On March 15, the Westchester County Department of Correction (WCDOC) hosted an event at their complex to celebrate Women’s History Month. As a part of an annual tradition, the ceremony was geared toward supporting their female residents and celebrating women who have been instrumental in supporting incarcerated individuals.

The program’s theme was centered on “Women Providing Healing, Providing Hope” and was a tribute to women, in both history and present day, who have laid the framework for positive change via healing and hope. Incarcerated women from the “Solutions” substance use treatment program made presentations about female trailblazers that have historically provided healing and hope on the world stage.

The next guest speaker, Pamela Zimba, Director of the Lilac House in Mt. Vernon talked about some of her life experiences and highlighted the many services that the Lilac House provides to support formally incarcerated women, including transitional housing, mentoring, and linkages to mental health, substance use treatment, and education and parenting classes. As part of her inspirational presentation. Zimba said: “People always say they are fighting their demons; I chose to work with mine.” 

The Department also honored their very own trailblazers, including Chaplain Vickie Mills, who has for over 24 years brought the gift of healing and hope to incarcerated men and women at WCDOC. As part of her lifelong commitment to helping others, Mills began volunteering at WCDOC in 1999. In the years that followed, she formally joined the WCDOC workforce in 2008 as Assistant to the Chaplains and was promoted to Chaplain in 2020. Mills has worked tirelessly to see families restored, helping incarcerated individuals prepare for a successful transition back to their homes and communities by applying God’s will in their lives. Her body of work includes facilitating access for hundreds of community spiritual care representatives so they could provide on-site care and religious services. Mills essentially brought the religious community to the Westchester County Jail, knowing that it would have a positive impact on their residents, both during and after their periods of incarceration. Mills was overwhelmed with the unexpected recognition, which included a proclamation from County Executive George Latimer.  In her discussion with the female residents, Mills provided a summary of her work by stating: “If I can help somebody and be a blessing to God's people, whoever they might be, then I know my Father in heaven will get all the Glory. I only want to do God's will for my life and for God's Glory.”

DOC also recognized one of their licensed mental health professionals, Stephanie Kamiel. Kamiel is a devoted, empathetic, mental health counselor who has been clinically supporting incarcerated men and women at WCDOC for five years. She consistently goes above and beyond to ensure that residents receive the utmost quality of care through her meticulous work ethic and determination to bring support and positive change.  Her ability to build a strong therapeutic rapport with each woman she works with has been beneficial to helping them understand the importance of following up with treatment in order to increase their chances of a successful return to their communities.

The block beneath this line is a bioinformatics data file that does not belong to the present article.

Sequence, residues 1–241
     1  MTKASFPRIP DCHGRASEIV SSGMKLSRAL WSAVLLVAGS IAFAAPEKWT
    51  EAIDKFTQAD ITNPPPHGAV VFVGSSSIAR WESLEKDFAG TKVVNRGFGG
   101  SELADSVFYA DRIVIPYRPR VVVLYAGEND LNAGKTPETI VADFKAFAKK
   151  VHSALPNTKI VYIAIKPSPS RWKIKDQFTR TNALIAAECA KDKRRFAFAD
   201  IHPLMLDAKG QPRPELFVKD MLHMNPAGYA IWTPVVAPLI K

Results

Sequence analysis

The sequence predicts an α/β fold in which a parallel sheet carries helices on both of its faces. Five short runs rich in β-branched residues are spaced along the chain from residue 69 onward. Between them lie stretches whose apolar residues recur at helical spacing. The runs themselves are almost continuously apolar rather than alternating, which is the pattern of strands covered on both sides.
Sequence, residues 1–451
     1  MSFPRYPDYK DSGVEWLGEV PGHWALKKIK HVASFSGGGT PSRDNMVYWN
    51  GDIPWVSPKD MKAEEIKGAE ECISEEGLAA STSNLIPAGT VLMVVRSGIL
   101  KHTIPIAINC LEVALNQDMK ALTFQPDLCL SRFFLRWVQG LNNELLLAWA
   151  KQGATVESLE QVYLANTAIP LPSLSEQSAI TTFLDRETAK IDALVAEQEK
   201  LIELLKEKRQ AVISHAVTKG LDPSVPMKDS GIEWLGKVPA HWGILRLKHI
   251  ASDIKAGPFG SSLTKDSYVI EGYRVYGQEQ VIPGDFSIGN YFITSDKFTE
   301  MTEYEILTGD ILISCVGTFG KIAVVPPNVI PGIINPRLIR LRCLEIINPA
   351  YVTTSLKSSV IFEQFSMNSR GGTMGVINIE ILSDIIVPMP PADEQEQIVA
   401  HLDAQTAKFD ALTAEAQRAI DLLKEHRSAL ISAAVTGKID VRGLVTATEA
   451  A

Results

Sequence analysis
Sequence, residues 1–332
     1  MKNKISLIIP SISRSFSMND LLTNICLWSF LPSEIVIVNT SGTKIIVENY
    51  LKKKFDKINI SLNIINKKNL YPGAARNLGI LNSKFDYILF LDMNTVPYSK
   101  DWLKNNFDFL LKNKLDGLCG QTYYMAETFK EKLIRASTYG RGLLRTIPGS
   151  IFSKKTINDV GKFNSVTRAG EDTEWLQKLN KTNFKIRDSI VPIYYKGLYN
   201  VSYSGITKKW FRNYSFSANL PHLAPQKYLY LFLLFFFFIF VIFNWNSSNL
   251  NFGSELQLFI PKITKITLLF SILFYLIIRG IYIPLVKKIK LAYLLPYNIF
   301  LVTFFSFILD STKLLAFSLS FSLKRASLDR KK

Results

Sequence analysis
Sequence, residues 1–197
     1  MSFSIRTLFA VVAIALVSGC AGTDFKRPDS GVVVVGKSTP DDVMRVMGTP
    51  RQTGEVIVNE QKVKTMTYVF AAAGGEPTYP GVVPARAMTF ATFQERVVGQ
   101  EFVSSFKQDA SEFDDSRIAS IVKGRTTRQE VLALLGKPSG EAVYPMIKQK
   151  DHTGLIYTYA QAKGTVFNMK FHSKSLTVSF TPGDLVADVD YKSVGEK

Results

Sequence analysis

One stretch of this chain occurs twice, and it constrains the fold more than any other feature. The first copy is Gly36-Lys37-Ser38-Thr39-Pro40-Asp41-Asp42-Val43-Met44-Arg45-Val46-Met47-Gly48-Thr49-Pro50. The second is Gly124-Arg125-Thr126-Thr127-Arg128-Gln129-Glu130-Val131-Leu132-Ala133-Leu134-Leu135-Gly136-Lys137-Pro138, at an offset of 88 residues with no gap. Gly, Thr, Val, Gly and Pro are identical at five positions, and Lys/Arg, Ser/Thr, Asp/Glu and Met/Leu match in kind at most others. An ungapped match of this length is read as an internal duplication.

First Deputy Commissioner Nory Padilla said: “Stephanie’s work to support our female residents who are dealing with multiple mental health challenges is immeasurable and worthy of special recognition.  She is one of many unsung heroes whose commitment to helping others provides hope for recovery and change but often goes unrecognized.” 

Keynote speaker, Commissioner Joseph K. Spano, addressed the group and said: “It’s especially gratifying to formally recognize Chaplain Vicki Mills, someone I’ve known and worked with for many years at WCDOC. Joining the Department in 1999, Chaplain Mills has been a great partner and agent for positive change that has helped transform WCDOC. Devoting her life to helping others and supporting those in need, her unselfish work with our residents and staff over the years has provided hope and healing for thousands of individuals. Similarly, we are grateful to have Stephanie Kamiel as part of our team. The great work she does to support our female residents is sure to impact them during and after their periods of incarceration and is greatly appreciated.”

Spano also encouraged the female residents in attendance to take advantage of their rehabilitation programs, saying: “The work you do while in our care will directly impact you and your families when you return home, so push yourselves to address those obstacles that contributed to your incarceration.”

The event provided the WCDOC female residents with an opportunity to listen to inspirational life stories of healing and hope, and honor two women who are committed to helping them get on a better life path.